Again, for Irinotecan, which is used in treating a range of cancers including those in the lungs and ovaries, the cost ranges from 1.87 lakh for innovator brands to 25,000 for the generic ones.8 These are just a few examples indicating differences in prices of generic and branded drugs.
Q: How are Generic Drugs Approved?
The Drug Controller General of India (DGCI), under the gamut of Central Drugs Standard Control Organisation (CDSCO) is responsible for the approval of all the drugs, including generic. All drugs are subject to identical statutory requirements, inspections and approvals.
Q: Why should Preference be on Generic Drugs?
One prime reason to popularise generic drugs is to make drugs and medicines affordable for people who cannot otherwise afford the expensive branded medicines and the private hospitals. India has a significantly higher out-of-pocket expenditure by households on health than several other developed and developing countries, with health expenditure causing a major brunt in the household budget.9 Another reason for the use of generic drugs is to reduce the unethical practices of doctors who deliberately prescribe branded drugs over generic drugs. This could be due to incentives or kickbacks from the pharmaceutical companies. The use of generic drugs will reduce the rising cost on healthcare.10
Q: Do Generic Drugs Take Longer to Work in the Body?
No. Generic drugs work in the same way as brand name drugs.
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Q: What are the Advantages of Using Generic Drugs?
The biggest advantage is the price. You can save as much as 90 per cent over the cost of brand-name medications. Generics cost on an average 40 to 60 per cent less than brand-name drugs. That's a real plus for older adults on a fixed income who take numerous medications.
Q: Do Hospitals and Doctors Support Use of Generic Drugs?
Unfortunately, no. Within the US generic drugs account for 88 per cent in terms of dispensed retail prescriptions, according to a 2015 report. The position is similar in a number of European countries. In India, however, the share of generics is merely 8 per cent of the 80,000 crore domestic pharmaceutical market.11
Q: Is a Generic Medicine Right For Me and Can I Ask My Doctor To Prescribe Them?
In most cases the answer is yes, but you should always discuss changes in your medication with your doctor or pharmacist first. This includes making sure that you do not have an allergy to any of the inactive ingredients in the generic medicine.12 The Medical Council of India (MCI) has stipulated that doctors will face action if they fail to adhere to its guideline on prescribing the drugs only in generic names and writing prescriptions legibly.13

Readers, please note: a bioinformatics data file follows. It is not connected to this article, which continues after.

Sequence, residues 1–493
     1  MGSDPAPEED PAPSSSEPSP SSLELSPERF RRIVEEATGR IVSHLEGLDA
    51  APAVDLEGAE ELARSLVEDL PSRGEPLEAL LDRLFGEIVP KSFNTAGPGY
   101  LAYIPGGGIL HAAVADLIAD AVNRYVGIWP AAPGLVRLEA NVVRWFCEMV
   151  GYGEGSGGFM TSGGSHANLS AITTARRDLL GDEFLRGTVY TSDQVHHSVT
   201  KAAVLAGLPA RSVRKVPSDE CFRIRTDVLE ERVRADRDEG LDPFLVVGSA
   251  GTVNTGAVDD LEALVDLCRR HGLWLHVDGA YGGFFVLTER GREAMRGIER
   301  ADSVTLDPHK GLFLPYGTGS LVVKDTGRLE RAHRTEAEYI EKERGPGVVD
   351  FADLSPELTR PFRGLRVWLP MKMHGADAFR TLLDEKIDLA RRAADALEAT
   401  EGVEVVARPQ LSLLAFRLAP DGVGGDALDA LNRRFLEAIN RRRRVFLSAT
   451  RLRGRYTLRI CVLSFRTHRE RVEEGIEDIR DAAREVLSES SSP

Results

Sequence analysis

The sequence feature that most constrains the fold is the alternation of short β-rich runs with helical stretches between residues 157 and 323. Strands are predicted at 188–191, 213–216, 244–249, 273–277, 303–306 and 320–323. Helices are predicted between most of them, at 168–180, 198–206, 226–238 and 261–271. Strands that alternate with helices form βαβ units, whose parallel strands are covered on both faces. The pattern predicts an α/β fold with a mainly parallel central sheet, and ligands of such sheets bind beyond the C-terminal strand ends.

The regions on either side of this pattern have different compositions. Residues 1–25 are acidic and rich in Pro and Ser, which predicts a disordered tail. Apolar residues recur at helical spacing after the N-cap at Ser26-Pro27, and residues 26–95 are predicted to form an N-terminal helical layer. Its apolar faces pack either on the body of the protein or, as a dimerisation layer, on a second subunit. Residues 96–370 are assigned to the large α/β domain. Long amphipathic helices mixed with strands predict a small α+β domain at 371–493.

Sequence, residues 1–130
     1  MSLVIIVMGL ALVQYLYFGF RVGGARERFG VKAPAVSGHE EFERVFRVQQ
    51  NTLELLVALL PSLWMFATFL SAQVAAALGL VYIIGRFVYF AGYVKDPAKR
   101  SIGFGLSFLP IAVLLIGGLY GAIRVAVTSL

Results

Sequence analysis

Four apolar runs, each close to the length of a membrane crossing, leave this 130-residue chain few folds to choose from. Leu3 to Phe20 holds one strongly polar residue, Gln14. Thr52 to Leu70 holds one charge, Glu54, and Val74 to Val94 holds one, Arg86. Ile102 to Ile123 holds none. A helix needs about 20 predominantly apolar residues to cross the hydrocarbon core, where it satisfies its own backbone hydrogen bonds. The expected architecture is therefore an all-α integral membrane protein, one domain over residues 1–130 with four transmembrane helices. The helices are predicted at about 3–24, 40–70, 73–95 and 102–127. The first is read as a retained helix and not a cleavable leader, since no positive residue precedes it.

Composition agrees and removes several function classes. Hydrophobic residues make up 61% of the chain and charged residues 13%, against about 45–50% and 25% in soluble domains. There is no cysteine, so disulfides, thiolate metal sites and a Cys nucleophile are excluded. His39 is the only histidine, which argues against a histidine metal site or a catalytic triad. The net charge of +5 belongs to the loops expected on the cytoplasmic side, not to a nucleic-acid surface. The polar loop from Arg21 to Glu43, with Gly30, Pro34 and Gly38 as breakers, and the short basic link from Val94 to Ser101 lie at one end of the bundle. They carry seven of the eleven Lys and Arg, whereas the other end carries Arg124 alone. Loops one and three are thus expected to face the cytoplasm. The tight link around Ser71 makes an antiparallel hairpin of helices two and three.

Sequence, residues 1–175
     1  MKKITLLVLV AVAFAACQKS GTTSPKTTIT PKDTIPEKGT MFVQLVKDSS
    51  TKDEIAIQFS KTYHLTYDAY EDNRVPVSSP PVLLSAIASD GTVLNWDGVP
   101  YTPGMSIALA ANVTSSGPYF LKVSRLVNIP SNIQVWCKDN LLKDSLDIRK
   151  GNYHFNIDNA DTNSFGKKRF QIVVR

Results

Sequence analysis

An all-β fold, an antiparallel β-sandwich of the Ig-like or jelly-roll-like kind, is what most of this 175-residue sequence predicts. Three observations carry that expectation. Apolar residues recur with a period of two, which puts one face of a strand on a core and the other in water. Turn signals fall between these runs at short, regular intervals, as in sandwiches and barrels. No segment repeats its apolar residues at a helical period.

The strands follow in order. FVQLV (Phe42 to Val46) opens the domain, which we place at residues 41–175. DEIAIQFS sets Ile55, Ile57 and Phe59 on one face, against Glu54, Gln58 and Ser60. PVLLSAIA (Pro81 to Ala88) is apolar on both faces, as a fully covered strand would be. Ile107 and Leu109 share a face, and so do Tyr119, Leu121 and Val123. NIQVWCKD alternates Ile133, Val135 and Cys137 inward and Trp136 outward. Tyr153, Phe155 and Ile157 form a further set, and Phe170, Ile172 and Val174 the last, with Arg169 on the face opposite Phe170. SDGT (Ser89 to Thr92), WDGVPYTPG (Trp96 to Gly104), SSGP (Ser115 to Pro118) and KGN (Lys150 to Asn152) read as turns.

Q. In India Why aren't Generic Drugs Prescribed Even Though They are Cheaper and Effective?
There is a lack of awareness among people about generic drugs. Generic drugs have the same chemical composition as branded drugs, but because they are sold under their chemical names, the general public is not familiar with these. For example, for popular branded drugs like Crocin and Calpol, their generic name is Paracetamol. Even doctors are more sure about the availability of the branded drugs rather than the generic ones as there is no advertising and marketing of generic drugs in India.14 Another reason is that the branded pharmaceutical companies spend enormous amounts on marketing. Their medical representatives bribe doctors with commission on prescription of their products. Hence, the pharma companies brainwash the people with continuous marketing of their branded medicines. The only way to stop this is to educate the people about generic drugs.
Q. How can I Get a Generic Medicine?
Easy — just ask your doctor to write your prescription using the medicine's active ingredient, or, unless your doctor has said that substitution is not permitted, ask your pharmacist to dispense the generic version. The Jan Aushadhi programme is an initiative of the government to provide essential medicines at reasonable rates at specially established shops.15
Q. Where are Generic Drugs Available?
Generic drugs should be available in almost all chemist shops, but they often do not keep a stock of all generic medicines. To buy a generic medicine, the patient has to ask for generic version of a branded drug. It is the responsibility of the Department of Pharmaceuticals of the government for promoting generic drugs. But sadly, promotion and marketing have not been done properly or have not been done at all.
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Q. What is Jan Aushadhi (JAS) Programme?
To promote affordable drugs, the government had in 2008 set up a scheme called Jan Aushadhi, whose objective was to open generic drug stores around the country.16 The Department of Pharmaceuticals has in 2017 launched a campaign called 'Pradhan Mantri Bharatiya Janaushadhi Pariyojana' to provide quality medicines at affordable prices to the masses through special kendras known as Pradhan Mantri Bharatiya Jan Aushadhi Kendra (PMBJK). These provide generic drugs, at lesser prices but equivalent in quality and efficacy as expensive branded drugs.17 In a recent development, the railway minister has announced the opening of Jan Aushadhi stores at railway stations, dispensaries, workshops and on rail premises.18
Q.How Many PMBJKs Have Been Opened and What Are Their Locations?
More than 850 PMBJKs are presently functional and spread over 28 States/UTs. List of state-wise/district-wise JAS along with their locations are available under the heading “PMBJK” of the website of Jan Aushadhi.